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The Australian Dollar is Under the Cosh as Downbeat RBA and Global Jitters Weigh

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- AUD bleeds lower on downbeat RBA and global market stress.

- RBA cut expected in November but October cannot be ruled out.

- As U.S.-China trade and oil price spike threaten global economy.

- But oil price rise not all bad for LNG-exporting Aussie economy.

- AUD/USD tipped by Commerzbank technical analyst as a buy. 

The Australian Dollar was lower across the board Tuesday after a downbeat tone from the Reserve Bank of Australia (RBA) and jittery global backdrop saw investors dump the Antipodean currency, although technical analysts at Commerzbank are tipping it as a buy.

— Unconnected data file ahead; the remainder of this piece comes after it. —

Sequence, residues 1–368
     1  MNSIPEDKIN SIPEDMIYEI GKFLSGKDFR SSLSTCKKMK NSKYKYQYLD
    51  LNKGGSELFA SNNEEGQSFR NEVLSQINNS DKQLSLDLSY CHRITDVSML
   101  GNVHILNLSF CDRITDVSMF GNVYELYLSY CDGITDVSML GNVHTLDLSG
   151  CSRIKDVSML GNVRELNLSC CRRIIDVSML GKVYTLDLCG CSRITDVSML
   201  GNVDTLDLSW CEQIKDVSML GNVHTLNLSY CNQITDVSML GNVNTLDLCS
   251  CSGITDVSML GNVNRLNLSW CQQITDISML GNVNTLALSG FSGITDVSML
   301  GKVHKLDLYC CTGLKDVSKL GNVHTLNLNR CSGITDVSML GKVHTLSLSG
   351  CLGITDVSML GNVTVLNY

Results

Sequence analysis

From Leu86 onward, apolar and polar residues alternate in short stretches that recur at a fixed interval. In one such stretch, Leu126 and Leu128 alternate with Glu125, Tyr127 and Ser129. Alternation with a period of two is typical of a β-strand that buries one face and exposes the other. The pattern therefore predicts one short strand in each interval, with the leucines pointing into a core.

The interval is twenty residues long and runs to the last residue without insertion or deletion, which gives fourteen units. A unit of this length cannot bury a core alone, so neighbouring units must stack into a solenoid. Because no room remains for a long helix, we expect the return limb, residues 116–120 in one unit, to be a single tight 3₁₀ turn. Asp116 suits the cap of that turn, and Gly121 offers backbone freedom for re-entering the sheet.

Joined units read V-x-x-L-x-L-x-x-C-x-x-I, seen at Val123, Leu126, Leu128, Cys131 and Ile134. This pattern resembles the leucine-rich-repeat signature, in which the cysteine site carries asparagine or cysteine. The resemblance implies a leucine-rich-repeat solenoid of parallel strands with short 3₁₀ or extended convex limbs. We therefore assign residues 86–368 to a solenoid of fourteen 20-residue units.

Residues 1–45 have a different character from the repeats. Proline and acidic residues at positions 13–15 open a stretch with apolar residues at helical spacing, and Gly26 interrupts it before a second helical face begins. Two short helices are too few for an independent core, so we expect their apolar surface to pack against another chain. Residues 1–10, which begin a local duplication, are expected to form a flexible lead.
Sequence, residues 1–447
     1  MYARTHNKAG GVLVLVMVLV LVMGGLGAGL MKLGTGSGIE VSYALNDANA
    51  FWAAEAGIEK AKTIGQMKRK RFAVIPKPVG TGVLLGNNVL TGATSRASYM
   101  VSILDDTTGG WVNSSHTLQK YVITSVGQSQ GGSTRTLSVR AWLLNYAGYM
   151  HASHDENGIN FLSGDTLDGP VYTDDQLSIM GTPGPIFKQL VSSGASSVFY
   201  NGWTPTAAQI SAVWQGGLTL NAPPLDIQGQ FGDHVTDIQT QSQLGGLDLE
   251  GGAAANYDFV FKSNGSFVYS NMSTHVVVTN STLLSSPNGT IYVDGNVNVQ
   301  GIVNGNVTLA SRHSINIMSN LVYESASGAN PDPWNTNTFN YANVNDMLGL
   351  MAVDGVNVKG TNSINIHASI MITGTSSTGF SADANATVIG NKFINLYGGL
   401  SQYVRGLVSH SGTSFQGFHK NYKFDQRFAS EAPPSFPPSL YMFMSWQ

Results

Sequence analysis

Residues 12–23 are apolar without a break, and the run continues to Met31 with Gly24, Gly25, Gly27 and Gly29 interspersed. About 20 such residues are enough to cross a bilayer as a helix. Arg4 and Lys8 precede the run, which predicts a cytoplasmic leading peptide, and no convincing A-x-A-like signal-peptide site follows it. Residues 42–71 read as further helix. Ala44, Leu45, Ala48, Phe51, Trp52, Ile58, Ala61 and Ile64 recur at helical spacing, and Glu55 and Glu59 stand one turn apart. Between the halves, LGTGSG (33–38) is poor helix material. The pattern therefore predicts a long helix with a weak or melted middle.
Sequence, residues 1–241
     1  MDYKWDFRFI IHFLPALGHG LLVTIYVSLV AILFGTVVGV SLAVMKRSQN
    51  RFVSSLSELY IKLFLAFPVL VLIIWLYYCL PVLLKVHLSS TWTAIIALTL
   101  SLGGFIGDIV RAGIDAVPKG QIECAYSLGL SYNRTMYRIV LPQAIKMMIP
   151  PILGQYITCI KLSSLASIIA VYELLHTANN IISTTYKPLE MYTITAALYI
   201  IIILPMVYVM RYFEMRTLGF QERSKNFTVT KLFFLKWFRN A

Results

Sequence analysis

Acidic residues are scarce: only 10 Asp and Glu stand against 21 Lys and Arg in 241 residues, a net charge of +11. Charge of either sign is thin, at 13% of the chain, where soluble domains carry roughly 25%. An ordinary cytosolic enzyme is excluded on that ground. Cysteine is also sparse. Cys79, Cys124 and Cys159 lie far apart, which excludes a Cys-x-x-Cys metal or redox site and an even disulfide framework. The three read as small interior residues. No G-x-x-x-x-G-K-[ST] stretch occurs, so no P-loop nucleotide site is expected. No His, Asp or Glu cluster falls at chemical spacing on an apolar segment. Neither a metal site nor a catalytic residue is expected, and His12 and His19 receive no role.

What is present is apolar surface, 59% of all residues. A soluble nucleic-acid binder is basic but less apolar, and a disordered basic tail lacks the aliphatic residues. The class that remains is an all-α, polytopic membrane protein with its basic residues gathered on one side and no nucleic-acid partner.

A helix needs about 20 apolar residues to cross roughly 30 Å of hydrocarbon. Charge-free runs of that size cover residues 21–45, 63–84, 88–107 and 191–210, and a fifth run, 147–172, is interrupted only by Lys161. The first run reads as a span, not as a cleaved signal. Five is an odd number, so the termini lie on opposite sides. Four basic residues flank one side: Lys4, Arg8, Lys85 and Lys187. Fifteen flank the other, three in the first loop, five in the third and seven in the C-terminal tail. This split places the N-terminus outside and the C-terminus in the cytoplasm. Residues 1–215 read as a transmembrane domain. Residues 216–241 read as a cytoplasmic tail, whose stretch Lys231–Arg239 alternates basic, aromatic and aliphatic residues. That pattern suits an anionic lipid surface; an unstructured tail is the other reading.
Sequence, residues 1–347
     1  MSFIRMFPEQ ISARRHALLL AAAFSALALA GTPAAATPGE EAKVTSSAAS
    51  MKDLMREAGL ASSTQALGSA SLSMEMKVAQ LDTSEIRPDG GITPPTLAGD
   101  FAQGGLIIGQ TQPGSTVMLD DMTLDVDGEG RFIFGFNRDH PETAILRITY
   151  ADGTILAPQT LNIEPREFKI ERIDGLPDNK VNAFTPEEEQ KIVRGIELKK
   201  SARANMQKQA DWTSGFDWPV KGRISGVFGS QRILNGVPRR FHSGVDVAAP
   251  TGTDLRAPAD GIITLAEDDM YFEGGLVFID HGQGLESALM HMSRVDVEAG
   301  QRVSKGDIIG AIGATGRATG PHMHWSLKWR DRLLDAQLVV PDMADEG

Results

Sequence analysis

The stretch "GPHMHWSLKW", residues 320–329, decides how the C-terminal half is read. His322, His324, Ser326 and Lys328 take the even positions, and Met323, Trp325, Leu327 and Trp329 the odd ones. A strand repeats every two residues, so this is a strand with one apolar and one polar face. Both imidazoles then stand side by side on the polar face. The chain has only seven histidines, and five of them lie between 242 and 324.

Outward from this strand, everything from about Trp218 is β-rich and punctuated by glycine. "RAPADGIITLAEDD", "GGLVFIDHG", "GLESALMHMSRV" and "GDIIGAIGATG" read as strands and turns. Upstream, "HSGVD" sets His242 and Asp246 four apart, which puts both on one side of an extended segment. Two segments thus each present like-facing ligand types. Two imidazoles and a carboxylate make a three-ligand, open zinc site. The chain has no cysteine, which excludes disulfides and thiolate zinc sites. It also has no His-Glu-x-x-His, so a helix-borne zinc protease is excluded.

Australia's Dollar has been forced onto the back foot this week by a steep spike in oil prices that's raised fears about inflation and growth at a time when the global economy was already reeling from the latest escalation in the ongoing U.S.-China trade war.

Australia's commodity-backed Dollar is the most sensitive among major currencies to changes in the global growth outlook, leading overnight resilience in the oil price to be blamed for some of its weakness Tuesday.

"A significant spike in Australian petrol prices would pose a further threat to consumer spending and growth in Australia, adding to pressure on the RBA to ease further," says Dr Shane Oliver, chief economist at AMP Capital. "Prior to the attacks in Saudi Arabia, Australian capital city petrol prices were around $1.40 a litre. The rise in oil prices since then implies a rise to around $1.46."

Saudi Arabia, the world's second largest oil producer, has lost more than half its production capactity following a drone strike on a major oilfield that's also raised geopolitical tensions the world over, but especially in the Gulf. President Donald Trump claimed Monday Iran was behind the attack and said the U.S. is "locked and loaded" as well as willing to respond on behalf of Saudi Arabia. 

Above: Brent Crude oil futures price shown at daily intervals.